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Therac-25 Case. Safeware. In this case…. you will practice decision-making from the participatory standpoint learn how to make decisions in the face of uncertainty Uncertain whether the patient complaints indicate radiation overdoes

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Therac-25 Case

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therac 25 case

Therac-25 Case


in this case
In this case…
  • you will practice decision-making from the participatory standpoint
  • learn how to make decisions in the face of uncertainty
    • Uncertain whether the patient complaints indicate radiation overdoes
    • Uncertain, if there is overdose, whether the cause if machine failure or operator error or something else.
  • these decisions involve risk (probability of harm) and you will learn about ethical issues associated with safety and risk
what you know
What you know…
  • You work at the East Texas Cancer Center in Tyler, Texas as a physicist who “maintains and checks the machine regularly.” (Huff 2005)
  • Patient complains of “a bright flash of light, heard a frying, buzzing sound, and felt a thump and heat like an electric shock.” (Huff 2005)
  • This indicates radiation overdose but AECL engineers say, “the Therac-25 was unable to overdose a patient and also… that AECL had no knowledge of any overexposure accidents by [other] Therac-25 machines [in use].”
  • A few days after the unit was put back into operation, another patient complained that his face felt like it was on fire (Huff 2005)

Something is clearly wrong. But you have no idea what it is. You would like to investigate further to see whether…

    • the patients’ complaints indicate radiation overdoses
    • the overdoses were caused by a defect in the Therac-25 machine
    • the overdoses were caused by operator error
  • Constraints
    • AECL engineers state that there is no problem with the machine, and they have received no complaints about the other machines that are in operation
    • ETCC administrators have told you that you cannot interview the two patients making the complaints
    • Your job is on the line
operator perspective
Operator Perspective
  • The newest machine has replaced hardware safety controls with software controls.
    • But operators find this deskilling objectionable
  • Operator activates machine from another room. But audio and video systems do not work yet they must continue to treat patients
  • Software controls shorten time required for each treatment.
    • Operators feel pressured to treat more patients
  • Error messages provided by Therac-25 monitor are not helpful to operators
    • Machine pauses treatment but does not indicate reason why
decision point
Decision Point
  • You supervise the radiation unit at your hospital. A patient has complained that he has received a radiation overdose during a treatment session caused by the malfunctioning of the Therac-25 unit.
  • Construct an argument for or against the continued operation of the therac-25 units while investigating complaints.
  • Integrate ethical, social and financial considerations into your argument. How does the informed consent of the patients enter into this situation? What role do safety and risk play?
cast of characters
Cast of Characters
  • Manufacturers
    • Interest: reputation, financial gain
    • Role: Design, tested, prepared for approval, manufactured, sold Therac units
  • Atomic Energy of Canada Limited (AECL)
    • Quality Assurance Manager
    • Home office engineer
    • Local (Tyler) engineer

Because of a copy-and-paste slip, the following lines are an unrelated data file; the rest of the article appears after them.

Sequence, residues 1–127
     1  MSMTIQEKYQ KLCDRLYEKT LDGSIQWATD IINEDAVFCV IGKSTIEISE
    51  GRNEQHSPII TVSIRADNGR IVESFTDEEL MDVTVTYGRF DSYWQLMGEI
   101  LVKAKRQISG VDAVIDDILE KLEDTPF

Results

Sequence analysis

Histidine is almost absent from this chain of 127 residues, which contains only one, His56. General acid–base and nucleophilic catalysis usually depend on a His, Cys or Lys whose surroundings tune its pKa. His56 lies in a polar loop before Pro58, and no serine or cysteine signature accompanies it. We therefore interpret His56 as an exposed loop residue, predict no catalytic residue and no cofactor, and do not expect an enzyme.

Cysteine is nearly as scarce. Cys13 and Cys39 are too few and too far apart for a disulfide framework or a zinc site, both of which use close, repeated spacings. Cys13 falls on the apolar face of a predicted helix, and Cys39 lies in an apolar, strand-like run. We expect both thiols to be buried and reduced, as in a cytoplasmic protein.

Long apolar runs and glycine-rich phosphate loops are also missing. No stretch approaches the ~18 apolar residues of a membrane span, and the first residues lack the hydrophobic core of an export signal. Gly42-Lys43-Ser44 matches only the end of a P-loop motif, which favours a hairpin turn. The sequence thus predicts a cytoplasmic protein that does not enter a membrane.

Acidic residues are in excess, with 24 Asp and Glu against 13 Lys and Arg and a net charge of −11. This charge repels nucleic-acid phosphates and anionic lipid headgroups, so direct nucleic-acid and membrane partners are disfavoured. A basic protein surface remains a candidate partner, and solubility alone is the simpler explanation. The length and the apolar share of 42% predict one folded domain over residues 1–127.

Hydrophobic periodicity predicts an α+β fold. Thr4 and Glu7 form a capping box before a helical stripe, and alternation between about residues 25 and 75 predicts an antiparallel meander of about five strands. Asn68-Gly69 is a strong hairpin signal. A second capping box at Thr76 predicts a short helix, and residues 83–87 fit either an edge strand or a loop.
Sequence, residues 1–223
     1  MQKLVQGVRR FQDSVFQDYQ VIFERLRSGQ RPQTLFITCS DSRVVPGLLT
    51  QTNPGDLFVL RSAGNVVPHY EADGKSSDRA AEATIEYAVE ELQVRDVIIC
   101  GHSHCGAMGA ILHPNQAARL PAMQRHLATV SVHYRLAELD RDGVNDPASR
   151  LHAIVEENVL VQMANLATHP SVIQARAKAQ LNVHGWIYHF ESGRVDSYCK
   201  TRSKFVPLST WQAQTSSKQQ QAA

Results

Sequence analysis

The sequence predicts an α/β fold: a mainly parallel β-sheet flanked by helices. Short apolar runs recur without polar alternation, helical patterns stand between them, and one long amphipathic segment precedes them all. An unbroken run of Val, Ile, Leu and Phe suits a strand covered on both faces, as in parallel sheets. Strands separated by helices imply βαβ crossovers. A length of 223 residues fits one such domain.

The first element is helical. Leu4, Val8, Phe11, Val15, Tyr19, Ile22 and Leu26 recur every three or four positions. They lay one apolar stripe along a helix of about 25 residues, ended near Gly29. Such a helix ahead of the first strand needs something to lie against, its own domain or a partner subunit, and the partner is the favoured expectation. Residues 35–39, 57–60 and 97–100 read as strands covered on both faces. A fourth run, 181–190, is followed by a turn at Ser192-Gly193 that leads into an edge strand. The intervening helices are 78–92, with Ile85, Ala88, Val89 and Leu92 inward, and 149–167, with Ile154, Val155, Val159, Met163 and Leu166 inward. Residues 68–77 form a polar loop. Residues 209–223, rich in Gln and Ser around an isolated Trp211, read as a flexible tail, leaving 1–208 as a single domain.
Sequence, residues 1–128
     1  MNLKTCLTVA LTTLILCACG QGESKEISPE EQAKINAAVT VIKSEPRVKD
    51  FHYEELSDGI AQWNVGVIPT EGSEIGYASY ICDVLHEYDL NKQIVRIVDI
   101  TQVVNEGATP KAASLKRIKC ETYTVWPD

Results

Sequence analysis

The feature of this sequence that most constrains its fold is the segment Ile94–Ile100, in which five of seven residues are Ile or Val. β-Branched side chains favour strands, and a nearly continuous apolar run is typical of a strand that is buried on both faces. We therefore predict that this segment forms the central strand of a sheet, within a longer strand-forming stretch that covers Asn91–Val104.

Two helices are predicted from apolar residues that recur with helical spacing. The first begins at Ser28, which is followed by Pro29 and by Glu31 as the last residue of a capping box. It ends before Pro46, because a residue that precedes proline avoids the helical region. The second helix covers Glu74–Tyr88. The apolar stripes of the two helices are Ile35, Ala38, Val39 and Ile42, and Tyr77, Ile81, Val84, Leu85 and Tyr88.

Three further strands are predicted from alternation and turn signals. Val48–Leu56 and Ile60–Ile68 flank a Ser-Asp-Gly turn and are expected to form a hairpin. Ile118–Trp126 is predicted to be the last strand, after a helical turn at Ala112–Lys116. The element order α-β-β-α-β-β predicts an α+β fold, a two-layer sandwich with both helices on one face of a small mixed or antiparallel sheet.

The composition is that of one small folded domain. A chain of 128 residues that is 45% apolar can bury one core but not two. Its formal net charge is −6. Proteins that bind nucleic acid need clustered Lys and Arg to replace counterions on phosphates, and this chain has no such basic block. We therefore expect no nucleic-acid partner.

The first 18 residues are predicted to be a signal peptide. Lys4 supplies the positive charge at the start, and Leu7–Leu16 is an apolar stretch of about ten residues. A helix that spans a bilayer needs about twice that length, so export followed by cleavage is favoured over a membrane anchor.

• Software Programmer (licensed?)
  • CGR (France)
    • Dropped out after production of 20 unit in 1981
cast of characters1
Cast of Characters
  • Regulatory Agencies
    • FDA (Food and Drug Administration)
    • CRPB (Canadian Radiation Protection Bureau)
      • Gordon Symonds head of advanced X-ray Systems
    • Interest (Maintaining integrity in public eye)
    • Role (Regulate new products for safety)
cast of characters2
Cast of Characters
  • Hospitals
    • Kennestone facility in Marietta, GA
    • (ETCC) East Texas Cancer Center, Tyler, TX (2)
    • Hamilton, Ontario Hospital
    • Yakima Valley Memorial Hospital (2)
  • Interest
    • Maintain good reputation; promote patient values of health and well being; maintain financial solvency
  • Role
    • Provide treatment options for patients; staff hospitals with doctors and nurses; equip with adequate medical technology
cast of characters3
Cast of Characters
  • User Groups (Operators)
    • Put out user group newsletters
  • Hospital Physicists
    • Tim Still (Physicist at Kennestone)
      • Eight problems with Therac-25
      • Poor screen-refresh subroutines
      • “Is programming safety relying too much on the software interlock routines?” *
    • Fritz Hager (Physicist at ETCC)
      • Consulted with AECL on suspected overdoses
      • Helped operator reconstruct sequence that produced race condition
  • Interest: job, reputation, professional dignity and integrity
  • Role: maintain treatment machines; supervise operators; respond to patient complaints
      • * Leveson, p. 539
cast of characters4
Cast of Characters
  • AECL engineers
    • Designed and tested new units
    • Not responsible for maintenance (This was performed by hospital physicists)
    • Sent to investigate complaints about units
    • Quality Assurance Manager
    • Software Programmer
  • Are they responsible for collecting information on the use-history of the machines they designed?
cast of characters5
Cast of Characters
  • Cancer Patients
    • Receive radiation therapy
    • Shallow tissue is treated with accelerated electrons
    • Deeper tissue is treated with X-ray photons
  • Interest
    • Health and Well Being
    • Informed Consent
      • Conditions?
role responsibility
Role Responsibility
  • Obligations that following from the social or professional role one occupies
    • Who is responsible for testing the software and hardware of the Therac-25 unit? (Standards of due or reasonable care?)
    • Who is responsible for monitoring the operating history of these machines and collecting and coordinating possible complaints?
      • (Designers? Regulatory Agencies?)
    • Who is responsible for regulating these machines and other devices?
    • Who is responsible for teaching operators how to use machines and maintenance?
      • Expensive AECL training programs. Limits of operator manuals
    • How can machines be operated in an efficient way without sacrificing patient health, safety, and well being?
the machine therac 25
The Machine: Therac-25